Apart from former defence minister Tomomi Inada volunteering her resignation in spite of Abe’s ‘excessve protection’ of her, the other key issues leading to the reshuffle in the first place, such as the Kake Gakuen scandal, have not been dealt with adequately. Some who were subject to harsh criticism might have lost their positions — for example, former minister of education, Hirokazu Matsuno — but Abe has not cleared the decks with any admission of his own regarding activities many voters suspect he is guilty of, namely ‘doing favours for friends’.

Suga may also prove to be a risk. He was complicit in denials of any wrongdoing and the public are increasingly growing tired of him as chief government spokesperson, particularly his habit of blocking commentary and his refusal to recognise problems and to answer questions properly. The concentration of power in the chief cabinet secretary on policy matters may also become more of a problem in the future, including on fiscal policy where, as political commentator Takao Toshikawa has observed, Suga has acted as ‘Abe’s enforcer’.

What are the policy implications of the reshuffle?

Here, the prospects become murkier. One of Abe’s favourite manoeuvres when his administration faces strong headwinds is to immediately ‘get back to basics’ and switch the policy focus once more to restoring Japan to strong economic growth. This time is no exception. As a diversionary tactic it may work but whether Abe can deliver the goods is another story altogether.

One question is whether Abe’s real priority is constitutional reform. Time is running out for him to act as the driving force on this issue. But unless economic reforms are also strongly pushed by the Prime Minister’s Office, they will not proceed successfully either. If Abe prioritises constitutional reform, it is unlikely that economic policy reform will make much progress. What is more, the new Minister of Economic Revitalisation and Minister of State for Economic and Fiscal Policy, Toshimitsu Motegi, although a ‘policy wonk’ who could lead the reforms, is not a ‘reformist politician’ and neither are the other economic ministers.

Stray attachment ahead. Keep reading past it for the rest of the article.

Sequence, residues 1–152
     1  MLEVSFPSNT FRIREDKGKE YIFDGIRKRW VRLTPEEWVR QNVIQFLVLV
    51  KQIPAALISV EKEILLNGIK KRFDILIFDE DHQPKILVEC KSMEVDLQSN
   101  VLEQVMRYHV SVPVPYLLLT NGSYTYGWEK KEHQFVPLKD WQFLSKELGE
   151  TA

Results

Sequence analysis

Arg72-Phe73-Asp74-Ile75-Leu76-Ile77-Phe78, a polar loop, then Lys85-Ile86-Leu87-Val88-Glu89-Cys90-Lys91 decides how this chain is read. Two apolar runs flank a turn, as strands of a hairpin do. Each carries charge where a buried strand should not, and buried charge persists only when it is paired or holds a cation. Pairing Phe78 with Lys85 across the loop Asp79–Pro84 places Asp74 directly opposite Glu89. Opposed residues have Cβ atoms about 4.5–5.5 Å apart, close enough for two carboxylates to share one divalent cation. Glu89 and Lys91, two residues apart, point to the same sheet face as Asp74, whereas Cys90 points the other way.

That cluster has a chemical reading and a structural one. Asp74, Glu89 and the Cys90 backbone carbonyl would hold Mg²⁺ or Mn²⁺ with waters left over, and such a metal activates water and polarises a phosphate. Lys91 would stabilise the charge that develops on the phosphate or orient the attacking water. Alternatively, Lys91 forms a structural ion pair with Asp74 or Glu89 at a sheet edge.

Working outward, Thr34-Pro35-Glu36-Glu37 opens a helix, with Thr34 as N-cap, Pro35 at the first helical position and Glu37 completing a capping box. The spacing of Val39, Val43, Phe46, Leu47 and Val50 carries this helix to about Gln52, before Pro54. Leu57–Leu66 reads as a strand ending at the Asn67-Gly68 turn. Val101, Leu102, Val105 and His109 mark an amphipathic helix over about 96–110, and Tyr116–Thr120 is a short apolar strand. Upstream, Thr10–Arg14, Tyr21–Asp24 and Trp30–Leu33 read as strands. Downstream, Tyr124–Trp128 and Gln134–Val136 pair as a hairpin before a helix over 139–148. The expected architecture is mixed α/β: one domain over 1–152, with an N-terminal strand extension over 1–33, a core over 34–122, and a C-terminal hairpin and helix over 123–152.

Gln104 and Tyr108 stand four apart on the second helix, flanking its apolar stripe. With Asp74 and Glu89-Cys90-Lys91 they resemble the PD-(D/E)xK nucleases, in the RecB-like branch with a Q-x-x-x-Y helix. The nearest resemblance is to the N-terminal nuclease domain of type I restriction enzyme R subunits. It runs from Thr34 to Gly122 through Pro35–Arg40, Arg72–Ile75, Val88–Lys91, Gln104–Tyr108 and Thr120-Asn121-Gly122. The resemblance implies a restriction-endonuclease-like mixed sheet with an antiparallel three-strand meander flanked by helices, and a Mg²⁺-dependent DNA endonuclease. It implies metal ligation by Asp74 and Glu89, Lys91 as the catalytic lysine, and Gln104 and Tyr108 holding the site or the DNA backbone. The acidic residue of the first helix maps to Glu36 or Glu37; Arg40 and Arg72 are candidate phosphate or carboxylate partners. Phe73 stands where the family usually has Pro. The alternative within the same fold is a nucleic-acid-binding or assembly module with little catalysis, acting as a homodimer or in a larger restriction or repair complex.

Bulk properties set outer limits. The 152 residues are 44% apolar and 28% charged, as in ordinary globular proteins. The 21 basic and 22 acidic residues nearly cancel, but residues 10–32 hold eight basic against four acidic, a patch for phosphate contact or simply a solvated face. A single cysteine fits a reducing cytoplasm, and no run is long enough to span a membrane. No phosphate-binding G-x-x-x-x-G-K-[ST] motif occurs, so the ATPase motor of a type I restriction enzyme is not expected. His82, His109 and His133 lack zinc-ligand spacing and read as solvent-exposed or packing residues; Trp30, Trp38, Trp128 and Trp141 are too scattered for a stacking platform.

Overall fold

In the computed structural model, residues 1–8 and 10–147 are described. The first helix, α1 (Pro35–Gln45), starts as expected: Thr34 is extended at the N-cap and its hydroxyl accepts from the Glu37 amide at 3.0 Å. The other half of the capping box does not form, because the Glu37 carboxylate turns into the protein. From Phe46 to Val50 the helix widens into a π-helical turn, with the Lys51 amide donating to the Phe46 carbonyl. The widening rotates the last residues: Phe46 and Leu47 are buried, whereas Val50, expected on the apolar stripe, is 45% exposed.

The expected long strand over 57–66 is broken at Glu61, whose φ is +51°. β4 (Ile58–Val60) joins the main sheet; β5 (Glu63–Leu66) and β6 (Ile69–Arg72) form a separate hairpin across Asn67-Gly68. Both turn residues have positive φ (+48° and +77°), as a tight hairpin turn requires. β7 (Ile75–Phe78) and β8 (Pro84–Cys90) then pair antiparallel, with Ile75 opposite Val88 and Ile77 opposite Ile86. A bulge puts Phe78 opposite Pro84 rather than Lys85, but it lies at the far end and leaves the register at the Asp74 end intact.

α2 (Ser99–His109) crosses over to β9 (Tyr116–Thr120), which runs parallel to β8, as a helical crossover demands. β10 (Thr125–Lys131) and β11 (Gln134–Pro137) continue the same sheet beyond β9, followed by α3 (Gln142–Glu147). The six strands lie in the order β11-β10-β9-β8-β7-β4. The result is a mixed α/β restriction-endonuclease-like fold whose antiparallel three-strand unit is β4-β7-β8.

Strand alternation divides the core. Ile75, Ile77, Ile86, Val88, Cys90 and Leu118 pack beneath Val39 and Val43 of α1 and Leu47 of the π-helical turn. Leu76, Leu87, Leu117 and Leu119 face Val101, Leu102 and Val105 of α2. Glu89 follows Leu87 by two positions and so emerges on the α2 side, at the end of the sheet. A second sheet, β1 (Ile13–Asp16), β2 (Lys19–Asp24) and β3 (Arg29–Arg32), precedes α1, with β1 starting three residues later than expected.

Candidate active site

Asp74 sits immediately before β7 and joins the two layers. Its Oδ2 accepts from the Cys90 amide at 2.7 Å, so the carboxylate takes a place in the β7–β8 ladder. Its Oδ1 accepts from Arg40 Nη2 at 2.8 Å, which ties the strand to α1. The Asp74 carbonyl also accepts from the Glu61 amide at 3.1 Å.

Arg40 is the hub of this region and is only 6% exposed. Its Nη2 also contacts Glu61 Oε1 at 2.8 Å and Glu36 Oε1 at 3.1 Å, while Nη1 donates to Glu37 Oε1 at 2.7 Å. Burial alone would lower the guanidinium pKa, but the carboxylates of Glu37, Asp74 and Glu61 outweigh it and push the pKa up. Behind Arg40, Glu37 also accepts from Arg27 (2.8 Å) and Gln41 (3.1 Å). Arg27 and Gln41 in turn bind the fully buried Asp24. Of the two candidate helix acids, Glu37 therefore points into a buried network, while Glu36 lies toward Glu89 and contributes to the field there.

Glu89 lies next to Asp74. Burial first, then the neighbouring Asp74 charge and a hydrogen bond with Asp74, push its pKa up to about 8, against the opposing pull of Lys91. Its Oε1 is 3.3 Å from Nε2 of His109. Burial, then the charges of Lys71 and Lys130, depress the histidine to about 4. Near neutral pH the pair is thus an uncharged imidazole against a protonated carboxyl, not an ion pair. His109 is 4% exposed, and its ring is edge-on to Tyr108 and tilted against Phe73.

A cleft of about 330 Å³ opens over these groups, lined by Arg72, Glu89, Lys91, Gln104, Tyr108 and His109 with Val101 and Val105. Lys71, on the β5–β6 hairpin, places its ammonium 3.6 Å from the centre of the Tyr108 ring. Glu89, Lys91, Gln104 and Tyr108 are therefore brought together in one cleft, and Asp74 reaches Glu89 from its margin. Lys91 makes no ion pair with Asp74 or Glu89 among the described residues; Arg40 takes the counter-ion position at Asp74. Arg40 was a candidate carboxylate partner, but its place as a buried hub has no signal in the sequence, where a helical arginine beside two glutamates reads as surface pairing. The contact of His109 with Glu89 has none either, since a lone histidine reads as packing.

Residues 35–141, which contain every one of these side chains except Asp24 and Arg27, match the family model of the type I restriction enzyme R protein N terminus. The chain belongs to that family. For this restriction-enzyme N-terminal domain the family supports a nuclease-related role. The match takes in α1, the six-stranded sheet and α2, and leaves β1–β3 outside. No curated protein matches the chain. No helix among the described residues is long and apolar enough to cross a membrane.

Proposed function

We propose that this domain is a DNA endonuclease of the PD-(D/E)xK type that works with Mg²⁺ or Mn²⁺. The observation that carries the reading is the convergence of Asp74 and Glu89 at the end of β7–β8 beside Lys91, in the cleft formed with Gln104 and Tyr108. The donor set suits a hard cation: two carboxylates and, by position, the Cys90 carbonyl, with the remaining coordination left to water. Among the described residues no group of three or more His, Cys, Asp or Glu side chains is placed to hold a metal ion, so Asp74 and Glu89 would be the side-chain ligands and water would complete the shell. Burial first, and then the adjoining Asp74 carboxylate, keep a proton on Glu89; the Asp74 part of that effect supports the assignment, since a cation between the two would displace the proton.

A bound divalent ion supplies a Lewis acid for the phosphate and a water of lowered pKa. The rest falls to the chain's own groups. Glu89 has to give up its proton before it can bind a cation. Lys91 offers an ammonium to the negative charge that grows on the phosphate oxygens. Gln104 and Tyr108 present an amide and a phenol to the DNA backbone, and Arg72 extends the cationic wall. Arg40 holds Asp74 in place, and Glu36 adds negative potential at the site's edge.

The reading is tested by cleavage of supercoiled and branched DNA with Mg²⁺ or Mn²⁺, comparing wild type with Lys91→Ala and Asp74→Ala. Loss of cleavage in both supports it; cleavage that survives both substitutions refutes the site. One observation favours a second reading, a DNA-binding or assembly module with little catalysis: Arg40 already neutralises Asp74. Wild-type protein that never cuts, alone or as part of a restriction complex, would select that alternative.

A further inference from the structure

The drop in public support for the Abe administration also raises the bar for constitutional revision. The brakes will come from inside the Abe administration with former foreign minister Fumio Kishida’s appointment as chairman of the LDP’s Policy Research Council. He will lead an invigorated LDP in the policymaking process and exert a more moderating influence on the constitutional reform issue, on which the party might assume the driver’s seat.

If Abe’s low approval ratings continue, it is unlikely he will dissolve the lower house and lead the party into a general election. This strategy could reduce the number of seats held by the LDP in the lower house. Abe is more likely to have his eyes set on the LDP’s presidential election in September 2018 in order to retain his position and implement his original plan to shepherd constitutional reform through the party and the Diet by 2020. However, he has lost his aura of invincibility and the real question is whether he will ever be able to regain it.

Aurelia George Mulgan is a Professor at the University of New South Wales, Canberra.